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Five things I wanted to do before I die

by - 27 Jun 2010

One of the wonderful aspects about a long journey is that one gets a lot of opportunities to try something new which sometimes involves to take a bit of courage, too. Sarah for example always admired everyone who is paragliding high up in the sky thinking that it must be beautiful to fly so smoothly through the air. But being afraid of heights she never considered to get clicked in a parachute herself. Well, New Zealand offers an amazing landscape which seems to be just made for all kinds of outdoor activities. „Now or never“, Sarah thought and she gave it a fly.

1. Paragliding
One sunny morning we found ourselves standing on the hills of Nelson ready to jump off the edge. Sarah loved the flight with all its climbing up the thermos and spiralling down. Friedrich on the other hand experienced that eating a cheese sandwich shortly before take off is not a very good idea. Unfortunately he felt quite seasick in the air.
Getting started Sarah in the air

Friedrich in the air View from in the air

2. Rafting
Another adrenalin activity we wanted to do for so long is rafting down a river. Despite the suboptimal weather conditions (rain and only 15 C) the rafting turned out to be great fun, the highlight of the tour was falling down a 7 meter high waterfall. In the end we even jumped into the icy river by choice for a short swim. 🙂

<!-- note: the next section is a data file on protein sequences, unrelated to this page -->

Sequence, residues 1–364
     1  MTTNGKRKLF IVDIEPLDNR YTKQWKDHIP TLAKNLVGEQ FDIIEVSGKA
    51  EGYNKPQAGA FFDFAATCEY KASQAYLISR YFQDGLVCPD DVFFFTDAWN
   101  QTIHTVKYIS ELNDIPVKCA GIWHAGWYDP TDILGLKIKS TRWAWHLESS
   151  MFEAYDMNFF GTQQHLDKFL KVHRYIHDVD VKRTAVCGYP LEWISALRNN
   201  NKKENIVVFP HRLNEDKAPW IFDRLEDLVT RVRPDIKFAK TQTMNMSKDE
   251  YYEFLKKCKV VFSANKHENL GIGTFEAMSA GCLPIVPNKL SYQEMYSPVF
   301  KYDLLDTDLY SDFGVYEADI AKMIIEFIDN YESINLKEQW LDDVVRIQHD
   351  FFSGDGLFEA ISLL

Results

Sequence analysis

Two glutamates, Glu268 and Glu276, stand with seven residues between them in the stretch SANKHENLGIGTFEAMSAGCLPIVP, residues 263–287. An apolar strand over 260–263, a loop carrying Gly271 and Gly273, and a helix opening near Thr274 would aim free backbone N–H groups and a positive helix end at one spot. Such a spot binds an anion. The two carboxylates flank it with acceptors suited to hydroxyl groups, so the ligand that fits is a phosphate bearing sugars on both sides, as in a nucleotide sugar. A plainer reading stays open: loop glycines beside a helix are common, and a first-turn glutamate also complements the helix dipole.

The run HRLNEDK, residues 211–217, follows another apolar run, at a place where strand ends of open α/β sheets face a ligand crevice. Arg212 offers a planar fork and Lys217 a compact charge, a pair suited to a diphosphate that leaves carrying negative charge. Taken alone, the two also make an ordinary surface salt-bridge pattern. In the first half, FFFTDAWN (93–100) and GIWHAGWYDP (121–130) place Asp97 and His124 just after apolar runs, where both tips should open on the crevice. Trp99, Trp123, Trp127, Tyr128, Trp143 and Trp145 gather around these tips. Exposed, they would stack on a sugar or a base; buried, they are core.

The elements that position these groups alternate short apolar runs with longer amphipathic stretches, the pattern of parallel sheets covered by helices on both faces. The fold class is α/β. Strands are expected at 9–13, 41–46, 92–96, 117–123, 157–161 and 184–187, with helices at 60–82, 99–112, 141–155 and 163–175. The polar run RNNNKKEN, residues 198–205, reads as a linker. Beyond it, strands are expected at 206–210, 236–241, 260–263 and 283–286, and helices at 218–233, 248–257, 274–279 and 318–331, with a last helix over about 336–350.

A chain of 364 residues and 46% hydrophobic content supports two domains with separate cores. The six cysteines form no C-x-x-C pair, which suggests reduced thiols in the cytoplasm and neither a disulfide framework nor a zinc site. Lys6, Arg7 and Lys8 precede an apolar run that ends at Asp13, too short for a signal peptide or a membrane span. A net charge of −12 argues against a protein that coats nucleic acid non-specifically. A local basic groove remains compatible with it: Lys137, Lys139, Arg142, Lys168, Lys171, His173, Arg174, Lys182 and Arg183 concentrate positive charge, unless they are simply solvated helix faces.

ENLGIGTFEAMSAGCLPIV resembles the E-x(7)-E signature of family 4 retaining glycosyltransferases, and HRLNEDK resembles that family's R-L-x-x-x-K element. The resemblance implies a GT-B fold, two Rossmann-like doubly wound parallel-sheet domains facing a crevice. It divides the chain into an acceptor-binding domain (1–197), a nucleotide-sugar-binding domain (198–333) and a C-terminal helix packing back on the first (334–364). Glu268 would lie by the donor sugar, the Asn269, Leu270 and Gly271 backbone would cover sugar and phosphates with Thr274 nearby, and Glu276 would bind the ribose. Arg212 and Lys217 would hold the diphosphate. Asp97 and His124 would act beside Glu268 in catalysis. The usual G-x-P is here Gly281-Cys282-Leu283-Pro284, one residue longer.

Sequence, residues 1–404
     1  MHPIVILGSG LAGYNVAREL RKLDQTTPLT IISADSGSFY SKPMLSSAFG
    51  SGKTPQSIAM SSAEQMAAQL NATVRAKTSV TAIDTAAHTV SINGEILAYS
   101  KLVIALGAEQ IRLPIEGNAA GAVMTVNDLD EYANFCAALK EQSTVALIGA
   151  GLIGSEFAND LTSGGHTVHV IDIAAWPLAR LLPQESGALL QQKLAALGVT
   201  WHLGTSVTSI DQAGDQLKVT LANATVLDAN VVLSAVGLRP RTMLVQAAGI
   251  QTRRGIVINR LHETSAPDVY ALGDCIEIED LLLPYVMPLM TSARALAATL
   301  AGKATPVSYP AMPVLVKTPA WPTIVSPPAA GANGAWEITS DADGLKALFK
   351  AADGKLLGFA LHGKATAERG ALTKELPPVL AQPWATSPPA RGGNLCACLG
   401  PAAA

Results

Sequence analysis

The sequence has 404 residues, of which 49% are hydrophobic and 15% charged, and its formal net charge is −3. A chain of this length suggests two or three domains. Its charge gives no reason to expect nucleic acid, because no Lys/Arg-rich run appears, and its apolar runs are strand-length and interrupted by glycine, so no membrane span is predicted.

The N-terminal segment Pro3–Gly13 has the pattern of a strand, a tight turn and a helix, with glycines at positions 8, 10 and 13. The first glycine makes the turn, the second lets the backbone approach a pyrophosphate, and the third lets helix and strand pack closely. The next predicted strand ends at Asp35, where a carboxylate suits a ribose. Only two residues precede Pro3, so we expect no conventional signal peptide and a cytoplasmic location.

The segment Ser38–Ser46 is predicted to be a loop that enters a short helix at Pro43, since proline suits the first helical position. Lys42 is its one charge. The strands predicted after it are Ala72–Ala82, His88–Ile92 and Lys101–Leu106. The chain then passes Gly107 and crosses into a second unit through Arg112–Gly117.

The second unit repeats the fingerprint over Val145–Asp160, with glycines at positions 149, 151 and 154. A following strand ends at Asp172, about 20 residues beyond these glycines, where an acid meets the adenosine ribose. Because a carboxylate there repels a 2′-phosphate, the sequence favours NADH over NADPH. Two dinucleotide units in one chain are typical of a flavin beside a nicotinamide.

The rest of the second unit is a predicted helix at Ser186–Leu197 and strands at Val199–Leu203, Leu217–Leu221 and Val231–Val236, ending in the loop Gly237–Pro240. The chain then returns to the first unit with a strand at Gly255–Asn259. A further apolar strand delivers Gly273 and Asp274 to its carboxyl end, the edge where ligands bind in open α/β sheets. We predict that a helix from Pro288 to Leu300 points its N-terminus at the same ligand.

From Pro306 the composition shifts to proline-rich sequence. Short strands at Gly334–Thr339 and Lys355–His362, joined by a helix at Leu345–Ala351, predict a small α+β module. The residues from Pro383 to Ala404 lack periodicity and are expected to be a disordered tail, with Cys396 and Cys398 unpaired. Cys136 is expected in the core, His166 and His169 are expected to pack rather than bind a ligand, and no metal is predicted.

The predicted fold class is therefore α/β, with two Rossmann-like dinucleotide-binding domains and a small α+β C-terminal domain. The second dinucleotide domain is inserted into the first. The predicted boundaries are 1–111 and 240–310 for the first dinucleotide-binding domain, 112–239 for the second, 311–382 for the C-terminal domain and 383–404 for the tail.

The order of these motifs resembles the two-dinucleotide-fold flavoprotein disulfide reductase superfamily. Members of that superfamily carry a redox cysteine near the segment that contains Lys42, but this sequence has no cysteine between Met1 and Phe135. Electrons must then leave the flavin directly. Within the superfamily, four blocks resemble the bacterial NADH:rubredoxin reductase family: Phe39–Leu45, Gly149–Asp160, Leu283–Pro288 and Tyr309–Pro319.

Coming down the 7meter waterfall

Rafting

3. Swimming with Dolphins
As we were by now used to swim in ice-cold water we put on the wetsuits one more time. This happened in the Bay of Plenty (Tauranga) which is blessed with several big pots of dolphins. We chose the boat of Captain Butler because he offered to swim freely (no holding on to a rope) with the animals in the open sea. But it turned out that we were still supposed to hold on to the boat which pulled us through the water according to the speed of the dolphins. Butler explained that the crew experienced that the dolphins stay this way a lot longer with the swimmers because they don’t get scared by any wild and excited movements of the people in the water.
Delfinschwimmer

Boot zieht uns fuer Delfinschwimmen durchs Wasser

A group of about 150 dolphins accompanied us in deed for a long time. Sometimes there were as many as 30 dolphins swimming right next to or diving below the people in the water. For us swimmers it was breathtaking to see when they all of a sudden emerged from the dark depth of the ocean and how they speeded up to us. The more curious dolphins came closer and turned on their side to have a better look at us. In those moments we all forgot how freezingly cold the water actually was.
Delfine umkreisen unser Boot, Tauranga

Now we appreciate Butlers approach because he lets the animals control the encounter and makes sure they feel comfortable all the time which also gives the swimmers the chance to come much closer to the animals.

4. Changing a Tyre
During our trip in NZ we were confronted with another challenge which we did not really plan on. But at least this gave Friedrich the opportunity to perform as a true man in front of his girlfriend.
Curious to see two beautiful waterfalls we took a 35km long bumpy gravel road; it took us an hour to reach the waterfalls.
Bridal Veil Fall, Te Mata